How awesome would it be if you can bring Fido to work every day? The Society of Human Resource Management report shows that 7 percent of companies now allow pets at work. As a trend that’s growing in many creative open working offices, pets in the workplace adds a fun new image for many modern workplace settings.
Companies who allow employees to bring their dog to work are now the new definition of cool. Thanks to these wonderful employers, pet owners don’t have to worry about leaving their pups behind at home while they work 9 to 5.
Lots of studies have also proven the benefits of bringing pets into our workplace. Aside from an increase in productivity, collaboration, and overall happiness while on the job, allowing pets in the workplace is considered an employee retention tool and currently one of the most attractive perks for many job hunters out there.
And while many people agree that this is awesome, there’s also a growing number of people concerned about the practicality of the whole idea. Here are things companies should expect when they allow pets at work:
- They can be distracting.
Yes, pets in the workplace can be fun. They give employees more reasons to leave their desks. They’d have to feed their pets, clean up after them, and walk them at least once during the day. It’s may be fun for some time until you’ve got a tight work deadline and you can’t afford distractions.
The truth is pets do make you less stressed at work, but they also take up time that you could have spent on being productive, forming bonds with teammates, or creating due reports. If you take up too much time to care for your dog than do actual work, their presence might turn counterproductive instead.
- Some people have pet allergies.
Let us put in mind the million of people who suffer from pet-related allergies. According to the Asthma and Allergy Foundation of America, around 15 % to 30% of Americans have one form of pet allergy. These allergies can be mild or so severe that it would cause panic attack and respiratory disorders.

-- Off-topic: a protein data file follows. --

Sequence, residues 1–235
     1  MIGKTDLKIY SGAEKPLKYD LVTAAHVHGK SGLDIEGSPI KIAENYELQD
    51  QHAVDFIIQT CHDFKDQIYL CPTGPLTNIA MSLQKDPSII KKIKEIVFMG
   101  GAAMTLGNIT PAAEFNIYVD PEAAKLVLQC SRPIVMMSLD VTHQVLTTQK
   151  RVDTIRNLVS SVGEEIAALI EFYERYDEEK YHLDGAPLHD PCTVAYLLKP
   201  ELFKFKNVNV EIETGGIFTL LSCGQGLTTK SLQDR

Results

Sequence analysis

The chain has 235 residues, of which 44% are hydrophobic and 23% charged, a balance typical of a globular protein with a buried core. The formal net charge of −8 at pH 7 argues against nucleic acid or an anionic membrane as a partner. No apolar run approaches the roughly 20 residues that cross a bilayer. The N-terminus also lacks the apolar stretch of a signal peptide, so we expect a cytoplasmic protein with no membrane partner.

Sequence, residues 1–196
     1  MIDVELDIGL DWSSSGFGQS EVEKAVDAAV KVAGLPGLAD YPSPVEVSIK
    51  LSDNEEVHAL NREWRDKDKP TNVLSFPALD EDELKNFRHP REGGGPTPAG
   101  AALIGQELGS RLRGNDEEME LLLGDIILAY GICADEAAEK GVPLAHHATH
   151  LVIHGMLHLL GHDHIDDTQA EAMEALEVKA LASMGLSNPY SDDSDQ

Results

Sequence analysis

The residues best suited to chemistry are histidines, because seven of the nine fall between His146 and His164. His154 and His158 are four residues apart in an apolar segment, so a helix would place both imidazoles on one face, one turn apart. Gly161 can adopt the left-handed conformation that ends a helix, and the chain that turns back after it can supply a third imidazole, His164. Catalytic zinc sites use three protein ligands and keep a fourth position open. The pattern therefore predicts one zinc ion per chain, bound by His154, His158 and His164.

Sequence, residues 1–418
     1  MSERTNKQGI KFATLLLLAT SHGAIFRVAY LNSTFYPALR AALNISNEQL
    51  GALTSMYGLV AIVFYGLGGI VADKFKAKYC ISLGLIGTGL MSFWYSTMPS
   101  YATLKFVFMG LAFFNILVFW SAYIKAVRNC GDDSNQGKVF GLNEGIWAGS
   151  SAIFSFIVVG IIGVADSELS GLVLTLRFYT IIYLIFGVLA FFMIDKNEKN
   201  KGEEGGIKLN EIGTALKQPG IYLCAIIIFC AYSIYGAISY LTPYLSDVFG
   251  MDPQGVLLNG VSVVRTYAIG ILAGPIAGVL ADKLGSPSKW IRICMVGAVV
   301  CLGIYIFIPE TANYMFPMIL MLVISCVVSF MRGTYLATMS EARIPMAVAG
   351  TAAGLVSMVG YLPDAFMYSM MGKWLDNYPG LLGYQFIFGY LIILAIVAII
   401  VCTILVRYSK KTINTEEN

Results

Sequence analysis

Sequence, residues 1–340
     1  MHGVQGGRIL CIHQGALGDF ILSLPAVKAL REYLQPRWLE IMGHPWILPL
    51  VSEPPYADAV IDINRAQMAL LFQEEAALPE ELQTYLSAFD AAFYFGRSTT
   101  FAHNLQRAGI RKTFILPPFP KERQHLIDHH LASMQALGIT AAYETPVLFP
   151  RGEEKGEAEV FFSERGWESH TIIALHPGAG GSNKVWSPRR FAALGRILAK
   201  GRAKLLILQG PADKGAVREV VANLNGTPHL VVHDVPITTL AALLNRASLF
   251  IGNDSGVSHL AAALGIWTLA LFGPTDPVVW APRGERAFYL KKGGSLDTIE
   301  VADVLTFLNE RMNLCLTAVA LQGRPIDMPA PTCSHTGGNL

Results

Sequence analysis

Aside from allergy reactions, there are also some people who are scared and may feel threatened by the presence of animals. They could have had a traumatic experience before causing this fear, or they simply feel threatened upon seeing one. For these people, pets at workplace will not be such a good idea, and it would even decrease their levels of happiness while on the job.
- Pet Behavioral Problems
It’s a sad reality but not all animals are suitable in the workplace. While some dogs do get along with humans and other canines or pets very well, many breeds of dogs have separation anxieties and behavioral problems.
Dogs with separation anxieties will whine and bark loudly when their owner leaves them even for a few minutes. Workplaces that are too noisy can also be disturbing for pets and may increase their aggression.
There are also instances where dogs with behavioral problems tend to respond aggressively towards strangers or people not to their liking. Anxious pets can become disobedient and cause trouble when they start chewing office supplies. Not to mention the ongoing war between dogs and cats. When will they ever get along?
The worst thing that can happen is if your pet injures one of your coworkers. Sometimes even the most docile pets can attack if provoked. And since you can’t hold an animal accountable for its action, coworkers will probably end up suing for damage and injury.
- Dog-Friendly Offices Are not Cheap
A dog-friendly office is anything but cheap. If you’re switching from a normal to pet-friendly office things have to be planned and researched carefully.
For everything to go well, you have to consider every aspect of your space including the floor. It has to be carpet squares or tiles so it can be easily removed in case of accidents. There should also be outdoor areas where pet owners can walk their dog during the day. There also has to be a fenced in area in the office where dogs can relieve themselves.
Employers should also include policies like pet health insurance so their employees won’t have to shoulder all the payment when their dog injures someone or damages office supplies.
At the end of the day, your office’s decision to allow pets in the workplace is in the hands of the whole group. It’s a risky move, one that needs to be researched and planned before transition. The management should look into the consideration of the minority as well as the majority.